Title: Unravel the Dusk
Series: The Blood of Stars #2
Author: Elizabeth Lim
Genre: YA, Fantasy
Published: July 7th, 2020 (Knopf BYR)
Synopsis: Maia Tamarin’s journey to sew the dresses of the sun, the moon and the stars has taken a grievous toll. She returns to a kingdom on the brink of war. The boy she loves is gone, and she is forced to don the dress of the sun and assume the place of the emperor’s bride-to-be to keep the peace.
But the war raging around Maia is nothing compared to the battle within. Ever since she was touched by the demon Bandur, she has been changing . . . glancing in the mirror to see her own eyes glowing red, losing control of her magic, her body, her mind. It’s only a matter of time before Maia loses herself completely, but she will stop at nothing to find Edan, protect her family, and bring lasting peace to her country.
Maia Tamarin returns to the imperial court with a dark secret. She has created the legendary dresses of Amana, but her expedition to the Forgotten Isles to retrieve the blood of stars and her encounter with the demon Bandur have left her cursed – and slowly turning into a demon herself. Edan is gone, travelling to learn how to use what magic he has remaining after severing the oath, unknowing of her situation. When the imperial wedding goes sideways, Maia is forced to don the dress of the sun and take Lady Sarnai’s place in order to keep the peace and alliance between the Emperor and the Shansen, but Maia can only hold out for so long. The demon inside her is eager to take over and day by day, she is visibly losing control over her magic, body and mind, and as war breaks out, Maia is determined to find Edan and bring peace to A’landi before the change is completed.
As with the first book, the world-building was exquisite, expanding upon what we know about A’landi, and in particular demons and the magic surrounding them. I had wished for some more clarification on the magic system in the previous book, but no such luck and I’m still wondering how scissors can sew. I did love how important a role the dresses of Amana played though, along with the magical scissors, which are used for a very different purpose in this book from the last.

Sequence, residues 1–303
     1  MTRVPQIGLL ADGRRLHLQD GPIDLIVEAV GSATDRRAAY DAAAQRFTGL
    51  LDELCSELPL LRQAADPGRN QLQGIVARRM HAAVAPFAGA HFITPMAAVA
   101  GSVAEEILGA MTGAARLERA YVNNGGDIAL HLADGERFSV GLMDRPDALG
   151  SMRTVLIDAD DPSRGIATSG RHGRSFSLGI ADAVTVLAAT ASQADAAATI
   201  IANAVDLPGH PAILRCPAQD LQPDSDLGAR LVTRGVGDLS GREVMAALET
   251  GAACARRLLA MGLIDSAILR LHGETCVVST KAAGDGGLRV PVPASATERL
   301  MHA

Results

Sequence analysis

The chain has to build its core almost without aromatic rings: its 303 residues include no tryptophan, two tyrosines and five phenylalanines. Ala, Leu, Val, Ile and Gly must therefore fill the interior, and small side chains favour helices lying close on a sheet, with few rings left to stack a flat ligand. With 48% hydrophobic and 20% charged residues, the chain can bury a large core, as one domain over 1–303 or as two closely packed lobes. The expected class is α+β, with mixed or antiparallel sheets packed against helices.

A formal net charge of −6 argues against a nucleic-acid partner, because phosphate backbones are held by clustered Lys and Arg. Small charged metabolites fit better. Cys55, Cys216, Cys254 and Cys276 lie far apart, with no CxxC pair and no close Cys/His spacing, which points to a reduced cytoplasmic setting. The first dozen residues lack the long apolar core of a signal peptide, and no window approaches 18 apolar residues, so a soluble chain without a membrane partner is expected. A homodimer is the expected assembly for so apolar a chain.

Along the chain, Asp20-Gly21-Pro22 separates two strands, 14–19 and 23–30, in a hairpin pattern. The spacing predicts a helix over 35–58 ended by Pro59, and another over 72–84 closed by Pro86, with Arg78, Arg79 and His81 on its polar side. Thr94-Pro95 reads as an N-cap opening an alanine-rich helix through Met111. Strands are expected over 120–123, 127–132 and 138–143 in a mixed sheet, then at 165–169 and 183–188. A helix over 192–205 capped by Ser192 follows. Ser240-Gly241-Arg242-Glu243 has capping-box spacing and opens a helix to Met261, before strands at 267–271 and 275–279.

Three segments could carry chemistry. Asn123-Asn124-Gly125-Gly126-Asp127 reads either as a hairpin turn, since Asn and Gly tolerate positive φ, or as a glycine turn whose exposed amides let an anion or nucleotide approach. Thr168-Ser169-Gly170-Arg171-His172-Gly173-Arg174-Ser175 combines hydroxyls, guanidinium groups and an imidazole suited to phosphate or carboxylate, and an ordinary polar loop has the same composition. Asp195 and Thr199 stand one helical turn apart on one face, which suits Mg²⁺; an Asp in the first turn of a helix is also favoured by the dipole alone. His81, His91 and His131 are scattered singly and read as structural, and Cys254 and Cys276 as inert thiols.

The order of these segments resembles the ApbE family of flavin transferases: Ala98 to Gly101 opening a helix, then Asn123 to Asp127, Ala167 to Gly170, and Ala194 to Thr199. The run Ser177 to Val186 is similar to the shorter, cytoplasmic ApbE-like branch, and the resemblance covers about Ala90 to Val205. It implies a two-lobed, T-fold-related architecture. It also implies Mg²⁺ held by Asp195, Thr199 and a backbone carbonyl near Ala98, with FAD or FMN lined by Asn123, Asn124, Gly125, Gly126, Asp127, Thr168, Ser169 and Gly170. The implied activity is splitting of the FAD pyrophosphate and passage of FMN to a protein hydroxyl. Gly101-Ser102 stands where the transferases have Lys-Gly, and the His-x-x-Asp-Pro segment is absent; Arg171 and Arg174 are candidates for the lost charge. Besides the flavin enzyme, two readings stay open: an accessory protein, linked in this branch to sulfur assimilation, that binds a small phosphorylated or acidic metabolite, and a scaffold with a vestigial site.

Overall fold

I didn’t expect Unravel the Dusk to be sunshine and rainbows by any means, but I didn’t think it would be quite so dark either – more akin to the original fairytales. The plotline with Bandur was resolved earlier than I expected, and perhaps a little easier too, but what came after definitely made up for it. Maia and Ammi’s friendship and journey was a lovely addition as I didn’t expect to see Ammi again in this book. It was really nice to see how she stood by Maia’s side to the very end and it was one of the few lighter aspects in this book. Lady Sarnai was a much more central figure as well, and it was great to learn more about her as she and Maia work together towards a common goal. With so many displays of magic, fights with demons, war scenes and above all, the monumental internal struggles, Unravel the Dusk makes for a pretty grand narrative.
On one hand, I definitely did not expect this book to get as emotional as it did, and Maia’s constant struggle as she descends into demonhood was so beautifully written throughout. While I liked Maia’s character in Spin the Dawn, this is where she truly shines. She was so much more determined, independent, fierce and markedly mature and she has evolved into a true heroine that you can’t help rooting for as she puts everything on the line to save her country in what little time she has left.
On the other hand, I’m not sure what to think about the ending. It was the literal definition of a deus ex machina at the eleventh hour and manages to greatly diminish everything that came before it. In my opinion, the story should have just been left there – sure it would have been a sad ending, but a better one than what was basically an engineered happily ever after. I adore Maia and Edan just as much as the next person, but I would have preferred the realistic ending that the plot was headed towards. This single aspect is what is preventing me from rating this book a 4.5 or even 5 stars and I’m quite disappointed.
This is a series that would be wonderful on screen. It’s so easy to visualize everything that happens just from the words alone and would be even better on screen. Overall, not a bad conclusion to this duology, but minus the last two chapters, I loved it. Unravel the Dusk was a fast-paced, engaging read and a beautifully written one. If you enjoyed the previous book, I would highly recommend reading this one too!
Have you read this book? Let me know in the comments below!
Other reviews in this series: